Yes. Far better to follow the canonical definition: nibbāna is the elimination of passion, aggression, and delusion.
tiltbillings wrote:These words - ajātaṃ abhūtaṃ akataṃ asaṅkhataṃ - are adjectives, not nouns, but everyone of these "un" translations treats them as nouns, which is very, very misaleading. "Atthi" - there is. The noun that follows this is implied. There is what?
The immediate context, the sutta opens:
Thus have I heard. At one time the Lord was staying near Savatthi in the Jeta Wood at Anathapindika's monastery. On that occasion the Lord was instructing, rousing, inspiring, and gladdening the bhikkhus with a Dhamma talk connected with Nibbana, and those bhikkhus, being receptive and attentive and concentrating the whole mind, were intent on listening to Dhamma. Then, on realizing its significance, the Lord uttered on that occasion this inspired utterance: There is, bhikkhus, ajaata....
What we see right off the top is that the subject is nibbana. There is what? Nibbana. The four adjective modify, describe nibbana. So in the forms we have them above or in variations these four words are used to describe or characterize nibbana or are synonyms of nibbana.
The most straightforward definition the Buddha gives of Nibbana is:
That which is the destruction of greed, hatred and delusion is nibbana. -- S.N. IV 251 and IV 321
And we see:
That which is the destruction of greed, hatred and delusion is asankhata. -- S.N. IV 359 and S.N. 362
Clearly nibbana and asankhata are equivalent terms, synonyms. Nibbana is asankhata, “unconditioned,” because there is no further conditioning - sankhata - by hatred, greed and ignorance. The prefix "a" in asankhata is a cognate of the English (Latin/Greek) prefix a as in, for example, asexual, without sexual characteristics, free of sexual characteristics. (And before a vowel, just as in English the Pali/Sanskrit privative a becomes an as in anatta/anatama.)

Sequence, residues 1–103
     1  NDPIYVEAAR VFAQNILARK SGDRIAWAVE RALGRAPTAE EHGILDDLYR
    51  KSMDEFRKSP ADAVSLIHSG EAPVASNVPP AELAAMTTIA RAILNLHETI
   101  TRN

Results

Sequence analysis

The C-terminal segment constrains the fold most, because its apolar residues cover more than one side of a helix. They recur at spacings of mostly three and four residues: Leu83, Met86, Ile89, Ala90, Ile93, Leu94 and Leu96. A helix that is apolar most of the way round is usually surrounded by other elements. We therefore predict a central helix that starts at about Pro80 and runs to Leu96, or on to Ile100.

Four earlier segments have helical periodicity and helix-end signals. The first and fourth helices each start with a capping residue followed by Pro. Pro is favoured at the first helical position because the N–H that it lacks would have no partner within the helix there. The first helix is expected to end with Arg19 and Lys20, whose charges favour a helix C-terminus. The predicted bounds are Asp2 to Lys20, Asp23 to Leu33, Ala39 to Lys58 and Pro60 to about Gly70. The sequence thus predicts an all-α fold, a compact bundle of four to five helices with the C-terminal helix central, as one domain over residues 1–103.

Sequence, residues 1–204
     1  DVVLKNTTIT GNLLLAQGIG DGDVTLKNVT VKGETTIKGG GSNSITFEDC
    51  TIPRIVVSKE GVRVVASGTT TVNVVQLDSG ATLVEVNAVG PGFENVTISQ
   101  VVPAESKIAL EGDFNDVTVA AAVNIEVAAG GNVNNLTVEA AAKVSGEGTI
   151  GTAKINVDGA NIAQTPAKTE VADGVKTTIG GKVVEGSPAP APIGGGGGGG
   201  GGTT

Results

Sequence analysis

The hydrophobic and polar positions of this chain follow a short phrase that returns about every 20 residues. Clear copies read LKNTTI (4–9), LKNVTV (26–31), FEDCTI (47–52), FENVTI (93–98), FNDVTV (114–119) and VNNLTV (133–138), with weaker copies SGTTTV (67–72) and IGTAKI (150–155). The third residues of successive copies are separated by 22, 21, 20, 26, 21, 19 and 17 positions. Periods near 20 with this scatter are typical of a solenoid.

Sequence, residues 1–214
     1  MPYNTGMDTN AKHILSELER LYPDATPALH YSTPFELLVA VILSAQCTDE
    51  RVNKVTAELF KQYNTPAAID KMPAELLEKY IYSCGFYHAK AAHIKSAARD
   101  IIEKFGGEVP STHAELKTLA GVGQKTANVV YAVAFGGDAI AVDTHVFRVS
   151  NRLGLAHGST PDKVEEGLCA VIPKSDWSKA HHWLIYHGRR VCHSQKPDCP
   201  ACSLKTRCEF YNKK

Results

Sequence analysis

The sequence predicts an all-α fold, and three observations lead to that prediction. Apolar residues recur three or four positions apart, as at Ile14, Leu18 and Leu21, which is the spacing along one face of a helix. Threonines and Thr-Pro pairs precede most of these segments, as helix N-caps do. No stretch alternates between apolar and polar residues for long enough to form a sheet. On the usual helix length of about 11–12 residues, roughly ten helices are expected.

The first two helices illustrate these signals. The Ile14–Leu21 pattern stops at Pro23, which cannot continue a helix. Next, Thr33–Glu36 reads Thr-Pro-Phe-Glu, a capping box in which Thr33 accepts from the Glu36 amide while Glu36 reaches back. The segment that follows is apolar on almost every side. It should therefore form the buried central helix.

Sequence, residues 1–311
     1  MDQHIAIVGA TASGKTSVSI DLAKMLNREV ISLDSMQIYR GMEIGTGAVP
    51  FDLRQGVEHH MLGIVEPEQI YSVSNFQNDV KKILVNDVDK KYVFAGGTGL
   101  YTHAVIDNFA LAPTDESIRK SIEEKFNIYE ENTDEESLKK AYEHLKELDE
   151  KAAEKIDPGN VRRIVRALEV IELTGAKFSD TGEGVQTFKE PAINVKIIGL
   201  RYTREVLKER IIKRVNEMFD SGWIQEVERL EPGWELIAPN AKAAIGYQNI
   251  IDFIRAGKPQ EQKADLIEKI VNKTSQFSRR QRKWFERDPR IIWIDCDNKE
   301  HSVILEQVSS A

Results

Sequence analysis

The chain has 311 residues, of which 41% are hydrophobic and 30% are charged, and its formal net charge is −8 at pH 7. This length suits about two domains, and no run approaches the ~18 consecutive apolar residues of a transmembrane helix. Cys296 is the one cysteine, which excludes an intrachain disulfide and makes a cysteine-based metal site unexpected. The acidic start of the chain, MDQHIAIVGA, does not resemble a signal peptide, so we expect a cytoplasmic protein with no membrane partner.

The privative a in Sanskrit/Pali needs not be, as unfortunately it so often is, limited to being translated as "un," "not," or "non." Asankhata, unconditioned, can be translated as free from conditions (of hatred, greed, and ignorance), without conditions, or, conditionlessness.
One of things that is often said is that nibbana is "the Unborn." Let us look at that usage where ajaata and nibbana are clearly synonyms:
Then the group of five monks, being thus exhorted, thus instructed by me [the Buddha], being liable to birth because of self, having known the perils in what is liable to birth, seeking the unborn [jaata.m], the uttermost security from the bonds -- nibbana -- won the unborn, the uttermost security from the bonds -- nibbana...." -- from the PTS translation of the Majjhima Nikaya I 173
What is the "unborn?" What does it mean? Try this:
”Then the group of five monks, being thus exhorted, thus instructed by me [the Buddha], being liable to birth because of self, having known the perils in what is liable to birth, seeking freedom from birth, the uttermost security from the bonds -- nibbana -- won freedom from birth, the uttermost security from the bonds -- nibbana...."
Here there is a balance: being liable to birth and freedom from birth that actually tells us something useful and does not leave us with a mysterious - what the heck is it? - "unborn."
There is no philological reason that the four words in question must be translated as we generally see them translated: unborn, unconditioned, etc.
As was said above the line in Udana is a sentence without a noun but with a string of adjectives, which are essentially synonyms, or at least words with significant over lapping meanings that clearly define nibbana.
We might translate the "un" line so:
"There is [nibbana], free from birth, free from becoming, free from making, free from conditioning."
Translating ajaata.m etc, by "freedom from birth," etc. supplies the implied noun via the privative a as in asankhata.
We do not see in the Buddha's own commentary to this passage below (as found in the Itivuttaka, 37-8) any reference to a Nibbana that is some sort of "unborn" thing, but we do see that "being freed of this" is a state of ease -- the "the conditions appeased (sankharupasamo)," a variation of asankhata, nibbana -- is reached. If the Buddha had wanted to teach a deathless, unborn “it,” we would have seen a very different sort of expression of the Dhamma.
That which is born, become, arisen, made, conditioned,
And thus unstable, put together of decay and death,
The seat of disease, brittle,
Caused and craving food,
That is not fit to find pleasure in.
Being freed of this, calmed beyond conjecture, stable,
Freed from birth, freed from arising, freed from sorrow,
Freed from passions, the elements of suffering stopped,
The conditioning [of greed, hatred and delusion]appeased,
This is ease [bliss].